This Page Last Updated 10-10-2010

 

As I was putting together my “midlife crisis in Hawaii” page today and was looking for associated links, I realized I was missing some old emails sent to me years ago _ Luckily these survived these last 5-years of my crazy life, that I know resulted in my loosing 1000s of bingo goodies _ Once again, I am very sorry for the delay on getting some of this stuff posted _ I know some of you gave up on me for a while there _ I apologize!

 

----- Original Message -----

From: Hawaiian Brian's Billiards

To: bingopinballs@

Sent: Friday, September 03, 2004 5:48 PM

Subject: hawaiian bingo pinball story

 

http://home.earthlink.net/~acetoscano/morecoolpoems.html#zablan

 

"The Tooth Throws a Hawaiian Luau"

 

As one of the few establishments in Honolulu that had bingo pinball machines, sadly the Honolulu Police Department confiscated them yesterday. These machines have been a part of Hawaiian poolroom "culture" for many generations.

 

Jay Zablan, Hawaiian Brian's Promotions

 

~

 

----- Original Message -----

From: Hawaiian Brian's Billiards

To: bingopinablls@

Sent: Friday, September 03, 2004 6:03 PM

Subject: follow up on hawaii email

 

As far as bingo pinballs being a game of chance, we have had a few players who could prove it is very assuredly a game of skill. There is no way you could allow certain players to continue playing on your machines every day because they would win every day, they are just that good. When you see the skilled players "kick" the ball back up from the bottom rows up to the top row you know they are skilled. Or watch them shake (vibrate) a ball out of a numbered hole before the ball settles in, that's really a thing of beauty.The way the "modern" player in Hawaii "kicks" the machine to give it more action has changed from when I first started playing the machines in high school back in 1960. They now "bang" it from the front top of the machine which gives it a lot more action, especially with new rubber on the bumpers. Nostalgia. Hawaii has a colorful history with bingo pinballs.

 

Jay Zablan, Hawaiian Brian's

 

~

 

The law


By Will Hoover
Advertiser Staff Writer

 

Sometime around 1930, the first pinball machine arrived in Hawai‘i. It must have been a sensation. Within five years, authorities estimated there were 600 such machines in Honolulu alone.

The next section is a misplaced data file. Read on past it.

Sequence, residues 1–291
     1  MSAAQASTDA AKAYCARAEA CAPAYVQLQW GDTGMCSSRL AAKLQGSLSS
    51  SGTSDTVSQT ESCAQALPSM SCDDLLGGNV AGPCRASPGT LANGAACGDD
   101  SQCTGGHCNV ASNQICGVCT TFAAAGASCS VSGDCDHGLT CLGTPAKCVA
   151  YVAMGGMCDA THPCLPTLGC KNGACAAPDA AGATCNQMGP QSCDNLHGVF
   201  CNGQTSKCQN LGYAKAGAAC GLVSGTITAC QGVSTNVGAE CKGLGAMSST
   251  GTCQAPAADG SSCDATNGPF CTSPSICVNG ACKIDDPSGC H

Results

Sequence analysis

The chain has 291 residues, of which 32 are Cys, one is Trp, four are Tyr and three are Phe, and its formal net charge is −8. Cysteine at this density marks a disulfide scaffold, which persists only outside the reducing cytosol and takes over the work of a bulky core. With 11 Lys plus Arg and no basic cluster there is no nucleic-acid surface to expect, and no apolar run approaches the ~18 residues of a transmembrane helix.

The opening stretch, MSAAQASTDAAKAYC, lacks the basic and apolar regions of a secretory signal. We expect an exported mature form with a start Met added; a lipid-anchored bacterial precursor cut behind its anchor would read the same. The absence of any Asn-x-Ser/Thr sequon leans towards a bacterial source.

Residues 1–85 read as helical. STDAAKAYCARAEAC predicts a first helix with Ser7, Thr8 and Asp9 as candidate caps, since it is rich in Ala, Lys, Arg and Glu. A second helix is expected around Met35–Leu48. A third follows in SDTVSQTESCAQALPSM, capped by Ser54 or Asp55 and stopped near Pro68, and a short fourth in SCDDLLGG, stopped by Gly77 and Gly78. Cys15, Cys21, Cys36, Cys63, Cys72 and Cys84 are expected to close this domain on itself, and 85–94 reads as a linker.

At the same time, police were fielding a crescendo of complaints from angry parents about schoolboys squandering lunch nickels on pinball. By January 1936, authorities had rounded up a half-dozen Honolulu merchants who featured pinball in their shops and charged them with violating obscure lottery laws. Pinball had officially been put on notice.

 

The game only got more popular.

 

Journalist and author David Lippman described Hotel Street before World War II as a setting swarming "with shooting galleries, pinball machines and taxi-dance halls." By 1945, the courts had decreed it was illegal for minors in the Territory to so much as lay eyes on a pinball machine unless accompanied by an adult.

 

In 1957, free pinball games were outlawed. In 1960, nine Honolulu bowling alleys were raided, 15 pinball games confiscated and 16 managers arrested. More raids and arrests followed. Meanwhile, committees were formed to study "the pinball problem."

 

Part of the problem was confusion over the difference between flipper-less bingo-type pin games that were actually gambling devices, and flipper-type pinball machines that were intended for amusement only. Since the games looked similar, the general public usually couldn’t tell the difference.

It wasn’t until 1980 — a half century after the threat of pinball began — that the Hawai‘i Supreme Court, in a unanimous decision, struck down laws that prohibited operators from allowing, or kids from playing, pinball.

 

~

 

----- Original Message -----

From: thehawaiiguy@hawaii.rr.com

To: Danny

Sent: Monday, May 19, 2003 3:48 PM

Subject: Re: bingo pinball